17 Jul Artificial intelligence
Timothy Compston looks at how Artificial Intelligence (AI) is making an impact on security and surveillance
In the wider world AI (Artificial Intelligence) is very much in the news, whether that be in the context of self-driving cars; the first AI computer system conducting a convincing ‘live’ debate with a human in the form of IBM’s Project Debater – which was able to apply unscripted reasoning to the task – or an AI robot called CIMON launched last month to the International Space Station.
For security too, AI is starting to be woven into the very fabric of the latest solutions. Specific approaches like machine and deep learning are gaining traction in everything from cyber security to drone detection, video analytics, facial and voice recognition and – perhaps not too surprisingly – security robots.
On the cyber security front, machine learning is moving to the forefront thanks to the unparalleled potential to process and learn from large-quantities of data in what is one of the most dynamic and testing of all security environments. Here the expansion of AI-driven solutions is not necessarily seen as a threat to the human part of the security equation but rather a powerful tool for cyber security experts to employ.
For example, last December when considering cyber security trends for 2018, Matti Aksela, head of the Artificial Intelligence Centre of Excellence at Helsinki – Finland – based F-Secure, was keen to stress that AI’s potential is much more transformative when combined with human expertise: “The challenge of AI approaches is that it is often hard to truly understand the problems you need to solve without having a high-level of domain knowledge. This coming year will see more cyber security applications that embody human expertise augmented through AI – people I like to think of as cyber centaurs. And perhaps most significantly, cyber centaurs will be able to use AI to improve their own speed and performance and accomplish even more complex tasks faster, leading to the application of AI in areas that many used to dismiss as too complicated or too impractical.”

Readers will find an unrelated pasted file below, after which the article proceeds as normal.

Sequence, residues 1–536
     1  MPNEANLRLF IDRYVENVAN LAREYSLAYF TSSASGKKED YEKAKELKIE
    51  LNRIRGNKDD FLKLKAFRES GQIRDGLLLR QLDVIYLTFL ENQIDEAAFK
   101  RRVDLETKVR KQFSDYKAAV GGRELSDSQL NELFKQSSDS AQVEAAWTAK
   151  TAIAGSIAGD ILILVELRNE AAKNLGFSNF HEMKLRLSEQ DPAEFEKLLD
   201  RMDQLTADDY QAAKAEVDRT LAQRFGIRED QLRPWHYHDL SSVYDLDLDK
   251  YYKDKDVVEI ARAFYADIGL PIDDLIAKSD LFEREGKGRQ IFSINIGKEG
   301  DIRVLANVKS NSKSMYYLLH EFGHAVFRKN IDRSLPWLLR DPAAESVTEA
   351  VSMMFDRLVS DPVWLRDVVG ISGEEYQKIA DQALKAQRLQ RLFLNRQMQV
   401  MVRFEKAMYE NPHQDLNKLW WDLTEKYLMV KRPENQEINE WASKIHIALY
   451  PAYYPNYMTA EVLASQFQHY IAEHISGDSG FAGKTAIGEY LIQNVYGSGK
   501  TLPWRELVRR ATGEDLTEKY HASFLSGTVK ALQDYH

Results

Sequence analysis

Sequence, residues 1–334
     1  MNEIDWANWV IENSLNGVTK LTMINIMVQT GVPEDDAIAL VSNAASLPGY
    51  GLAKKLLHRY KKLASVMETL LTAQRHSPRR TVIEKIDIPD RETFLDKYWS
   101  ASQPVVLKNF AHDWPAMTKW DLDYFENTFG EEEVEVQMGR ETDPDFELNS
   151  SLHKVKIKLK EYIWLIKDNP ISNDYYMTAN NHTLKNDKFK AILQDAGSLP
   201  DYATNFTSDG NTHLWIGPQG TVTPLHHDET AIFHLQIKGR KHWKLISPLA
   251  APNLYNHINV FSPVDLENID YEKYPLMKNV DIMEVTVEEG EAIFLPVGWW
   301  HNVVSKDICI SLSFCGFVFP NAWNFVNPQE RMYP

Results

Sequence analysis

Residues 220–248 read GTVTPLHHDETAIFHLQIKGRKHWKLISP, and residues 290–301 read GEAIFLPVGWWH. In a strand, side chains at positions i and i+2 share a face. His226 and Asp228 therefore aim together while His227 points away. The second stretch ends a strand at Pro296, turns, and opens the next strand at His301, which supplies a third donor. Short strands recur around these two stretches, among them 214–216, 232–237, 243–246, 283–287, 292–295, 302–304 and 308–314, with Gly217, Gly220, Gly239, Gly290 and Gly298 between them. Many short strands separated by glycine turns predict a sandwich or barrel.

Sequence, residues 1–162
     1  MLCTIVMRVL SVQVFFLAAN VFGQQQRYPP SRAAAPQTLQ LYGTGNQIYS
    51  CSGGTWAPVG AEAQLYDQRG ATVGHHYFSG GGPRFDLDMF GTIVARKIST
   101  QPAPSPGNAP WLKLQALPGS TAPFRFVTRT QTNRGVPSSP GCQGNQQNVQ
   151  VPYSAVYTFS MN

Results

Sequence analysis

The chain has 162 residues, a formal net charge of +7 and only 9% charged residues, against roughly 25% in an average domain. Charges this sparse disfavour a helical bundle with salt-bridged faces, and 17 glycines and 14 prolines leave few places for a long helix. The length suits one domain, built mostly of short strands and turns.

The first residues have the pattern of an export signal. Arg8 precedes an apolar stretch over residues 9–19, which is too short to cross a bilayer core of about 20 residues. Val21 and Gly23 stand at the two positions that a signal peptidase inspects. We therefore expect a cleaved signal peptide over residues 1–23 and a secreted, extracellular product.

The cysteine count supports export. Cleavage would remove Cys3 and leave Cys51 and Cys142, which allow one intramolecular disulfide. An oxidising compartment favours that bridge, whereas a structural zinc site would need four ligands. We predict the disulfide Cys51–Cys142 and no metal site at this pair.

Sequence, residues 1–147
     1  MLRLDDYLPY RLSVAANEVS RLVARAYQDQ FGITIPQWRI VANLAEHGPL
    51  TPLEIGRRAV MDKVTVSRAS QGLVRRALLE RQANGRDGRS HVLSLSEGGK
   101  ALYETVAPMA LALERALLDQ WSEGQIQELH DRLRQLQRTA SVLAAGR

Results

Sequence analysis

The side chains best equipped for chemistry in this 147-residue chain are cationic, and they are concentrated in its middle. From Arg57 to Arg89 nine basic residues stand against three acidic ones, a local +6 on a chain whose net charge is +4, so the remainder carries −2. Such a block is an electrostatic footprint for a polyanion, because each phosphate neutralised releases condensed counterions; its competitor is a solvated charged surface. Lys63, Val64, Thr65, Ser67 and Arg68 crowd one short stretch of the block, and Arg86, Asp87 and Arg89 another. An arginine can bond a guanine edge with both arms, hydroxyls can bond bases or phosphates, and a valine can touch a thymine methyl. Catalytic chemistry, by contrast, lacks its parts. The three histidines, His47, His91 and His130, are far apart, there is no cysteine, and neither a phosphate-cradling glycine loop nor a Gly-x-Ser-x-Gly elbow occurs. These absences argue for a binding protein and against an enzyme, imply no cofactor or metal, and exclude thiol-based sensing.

This human-machine approach to cybersecurity was reinforced back in May when F-Secure launched its Rapid Detection and Response offering. According to F-Secure this is designed to support endpoint protection solutions by providing an additional layer of security and, crucially, combines the benefits of human expertise and AI to give companies the edge in the fight against targeted attacks. Speaking about the rationale for the rollout of Rapid Detection and Response, F-Secure’s chief technology officer, Mika Ståhlberg said that one trick which is common in modern cyber-attacks is to disguise malicious activity as something normal and attackers are always finding new ways to do this: “Since there’s countless numbers of normal things happening in any given environment it’s basically impossible for companies to rely on human experts or artificial intelligence alone to comb through all that data.” He adds that: “AI trained by the best cyber security experts is vital when you are looking for needles in a digital haystack.”